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Aikido

Aikido (合氣道) is a gendai budo - a modern Japanese martial art. It was created by Morihei Ueshiba (called by Aikidoka by the respectful title "O Sensei" or "great teacher") over the period of the 1930s to the 1960s. Ueshiba created aikido from his experience in Daito ryu aikijutsu[?] and sword work.

Aikido is a defensive art, in which the defender redirects the attacker's motion and energy back into the attacker. It is practiced by men and women of any size or age. It is one of the most difficult of the martial arts and it takes several years of practice to really be able to defend oneself.

Traditional Aikido shuns competition. It is a martial art for its own sake. The emphasis is on developing mind, body and spirit until perfect harmony is achieved. Classes involve watching a demonstration of techniques from a teacher and then working with a partner(s) to try and replicate these, thereby improving your technique and understanding of the art. Movement, positioning, precision and timing are all important to the execution of techniques and students learn to be flexible and adaptable in their application.

Aikidoists train together as partners. The "attacker" (uke) initiates an attack against the "defender" (nage), who neutralizes it with an aikido technique. In practice, uke generally attacks nage four times and then the roles are reversed and uke becomes nage for 4 times.

Aikido practice attacks include various standardized strikes and grabs. There are generally three parts to an aikido defensive technique. First, nage avoids the attack by either moving away from uke ("tenkan", turning), or moving inside the attack, close to uke ("irimi", entering). Second, nage takes uke's balance away from him. Third, nage either throws uke or uses a wrist, arm or leg lock to bring uke down to the mat.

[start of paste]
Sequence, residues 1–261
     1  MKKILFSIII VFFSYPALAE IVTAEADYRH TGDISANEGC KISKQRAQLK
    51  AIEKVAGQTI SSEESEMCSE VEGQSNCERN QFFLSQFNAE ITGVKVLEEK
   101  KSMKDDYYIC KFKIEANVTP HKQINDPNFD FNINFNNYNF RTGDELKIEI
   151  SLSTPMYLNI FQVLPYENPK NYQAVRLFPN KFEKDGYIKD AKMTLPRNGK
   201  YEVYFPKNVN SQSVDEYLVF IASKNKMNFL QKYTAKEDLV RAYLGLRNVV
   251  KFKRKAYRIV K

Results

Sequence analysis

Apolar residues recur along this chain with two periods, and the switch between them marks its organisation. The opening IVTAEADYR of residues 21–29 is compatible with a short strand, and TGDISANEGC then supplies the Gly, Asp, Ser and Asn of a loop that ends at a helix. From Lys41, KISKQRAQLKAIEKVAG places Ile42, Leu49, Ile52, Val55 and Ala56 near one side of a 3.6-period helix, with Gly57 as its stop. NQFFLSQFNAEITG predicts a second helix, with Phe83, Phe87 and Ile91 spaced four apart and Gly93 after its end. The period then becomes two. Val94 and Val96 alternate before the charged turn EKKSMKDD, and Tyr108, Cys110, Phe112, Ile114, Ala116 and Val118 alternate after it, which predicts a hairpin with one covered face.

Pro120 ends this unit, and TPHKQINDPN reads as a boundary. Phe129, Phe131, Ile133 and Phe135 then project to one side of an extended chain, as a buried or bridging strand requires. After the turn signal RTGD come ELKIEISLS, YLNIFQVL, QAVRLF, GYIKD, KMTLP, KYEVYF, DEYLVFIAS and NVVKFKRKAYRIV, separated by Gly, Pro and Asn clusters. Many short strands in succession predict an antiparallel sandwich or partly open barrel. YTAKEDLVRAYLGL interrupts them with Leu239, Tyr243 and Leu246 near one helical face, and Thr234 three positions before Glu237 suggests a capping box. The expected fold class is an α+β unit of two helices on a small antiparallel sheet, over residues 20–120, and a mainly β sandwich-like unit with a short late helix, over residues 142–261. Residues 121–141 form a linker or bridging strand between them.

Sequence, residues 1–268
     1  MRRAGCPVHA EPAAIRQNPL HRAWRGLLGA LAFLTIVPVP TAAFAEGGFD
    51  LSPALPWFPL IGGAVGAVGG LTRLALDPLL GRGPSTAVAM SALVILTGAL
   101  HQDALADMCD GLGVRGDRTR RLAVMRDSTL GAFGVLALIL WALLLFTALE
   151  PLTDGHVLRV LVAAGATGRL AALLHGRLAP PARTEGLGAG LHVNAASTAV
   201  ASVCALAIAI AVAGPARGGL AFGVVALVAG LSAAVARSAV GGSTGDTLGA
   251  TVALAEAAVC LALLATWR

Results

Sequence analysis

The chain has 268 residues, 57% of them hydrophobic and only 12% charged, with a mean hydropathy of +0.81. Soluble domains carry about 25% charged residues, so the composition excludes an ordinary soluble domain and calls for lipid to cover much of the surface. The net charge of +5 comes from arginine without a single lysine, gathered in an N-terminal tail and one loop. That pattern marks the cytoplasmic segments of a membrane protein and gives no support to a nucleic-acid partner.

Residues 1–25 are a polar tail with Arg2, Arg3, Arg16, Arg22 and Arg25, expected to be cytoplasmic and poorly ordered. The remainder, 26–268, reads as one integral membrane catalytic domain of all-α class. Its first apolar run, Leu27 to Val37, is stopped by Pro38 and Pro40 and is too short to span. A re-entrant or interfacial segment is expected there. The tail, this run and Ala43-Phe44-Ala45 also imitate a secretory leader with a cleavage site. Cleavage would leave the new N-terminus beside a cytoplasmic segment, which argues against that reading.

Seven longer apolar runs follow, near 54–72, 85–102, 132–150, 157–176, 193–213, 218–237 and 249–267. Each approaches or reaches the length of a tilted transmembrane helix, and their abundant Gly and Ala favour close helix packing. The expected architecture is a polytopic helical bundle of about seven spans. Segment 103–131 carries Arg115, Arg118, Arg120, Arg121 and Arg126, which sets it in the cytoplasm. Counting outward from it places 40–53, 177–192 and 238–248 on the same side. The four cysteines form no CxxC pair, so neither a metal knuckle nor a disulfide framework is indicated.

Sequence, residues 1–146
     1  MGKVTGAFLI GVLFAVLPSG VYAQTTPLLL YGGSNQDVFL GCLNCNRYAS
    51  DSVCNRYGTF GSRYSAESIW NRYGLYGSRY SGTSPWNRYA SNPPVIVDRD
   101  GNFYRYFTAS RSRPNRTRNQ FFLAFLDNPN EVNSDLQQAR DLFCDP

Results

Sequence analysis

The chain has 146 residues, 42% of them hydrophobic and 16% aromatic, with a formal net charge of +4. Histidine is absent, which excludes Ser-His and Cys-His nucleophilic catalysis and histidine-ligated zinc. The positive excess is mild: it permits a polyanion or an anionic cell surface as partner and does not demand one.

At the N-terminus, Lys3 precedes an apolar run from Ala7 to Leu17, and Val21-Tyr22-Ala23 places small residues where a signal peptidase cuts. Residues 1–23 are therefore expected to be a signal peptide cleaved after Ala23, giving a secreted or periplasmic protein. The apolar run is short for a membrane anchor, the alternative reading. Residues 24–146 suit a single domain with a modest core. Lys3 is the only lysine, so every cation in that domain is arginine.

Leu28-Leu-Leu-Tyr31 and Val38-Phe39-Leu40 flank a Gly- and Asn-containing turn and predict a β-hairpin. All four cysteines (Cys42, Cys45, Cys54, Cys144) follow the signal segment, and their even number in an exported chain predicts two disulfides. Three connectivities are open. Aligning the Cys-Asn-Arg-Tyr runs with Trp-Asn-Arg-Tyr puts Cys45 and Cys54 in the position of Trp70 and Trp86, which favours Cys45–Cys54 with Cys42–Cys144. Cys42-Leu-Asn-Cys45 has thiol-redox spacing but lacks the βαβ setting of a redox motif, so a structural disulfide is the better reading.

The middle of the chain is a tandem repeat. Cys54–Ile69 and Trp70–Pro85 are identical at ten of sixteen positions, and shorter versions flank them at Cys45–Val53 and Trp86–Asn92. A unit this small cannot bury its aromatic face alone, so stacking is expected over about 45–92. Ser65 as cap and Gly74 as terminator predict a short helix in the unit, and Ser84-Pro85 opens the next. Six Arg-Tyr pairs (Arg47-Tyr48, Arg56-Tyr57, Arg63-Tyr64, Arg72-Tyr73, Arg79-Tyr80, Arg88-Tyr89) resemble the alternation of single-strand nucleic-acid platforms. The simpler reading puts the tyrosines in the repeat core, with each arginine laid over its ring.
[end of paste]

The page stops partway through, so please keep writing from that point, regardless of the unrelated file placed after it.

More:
Aikido emphasizes that while nage executes the aikido defense and theoretically "wins" each encounter, uke is also gaining valuable experience in coping gracefully with being repeatedly "thrown" or subjected to locks. In a real-life encounter an experienced Aikidoka should instantly return to a poised and ready standing position automatically upon being thrown.

History and Styles

The name Aikido is formed of three Japanese characters (or Kanji), 合氣道, written with Roman characters as Ai, Ki and Do, often translated as meaning Harmony, Energy and Way (or Method), so Aikido can be translated as "The Way of Harmony with Energy". This draws attention to the fact that Aikido's techniques are designed to control an attacker by controlling their energy and not by blocking it. An analogy is often made of the way a flexible willow bends with the storm whereas the stout oak will break if the wind force is too high.(The martial art commonly known as Hapkido uses the same three characters. There may even exist a historical link through the Daito Ryu)

Mr. Ueshiba developed Aikido from Daito Ryu aikijutsu, incorporating the training movements of Yari (spear), Jo (a short quarterstaff), and Juken (Bayonet). Daito ryu[?] had strong influence from sword schools; as result, many of the flowing movements of the bokken, a wooden katana or "samurai sword" have been translated into unarmed aikido defense. Traditional Aikido training is mainly unarmed practice, but the three weapons, sword, staff and knife (usually wooden training weapons) often play an important part. Some styles place less importance on weapons training than others.

The roots of Aikido as a sword art play an important role in the development of the techniques. Most Aikido techniques can be performed equally well either unarmed or armed with a sword. This also bears on the fact that Aikido techniques rarely involve blocking an opponents strike, as if the opponent were armed with a weapon; the blocking limb would be severed.

The major styles of aikido each have their own Hombu Dojo in Japan; these define their various syllabi. Aikido was brought to the United States in the 1960s, to Australia in 1965 and to many other countries. Today there are many aikido dojos available to train at throughout the world.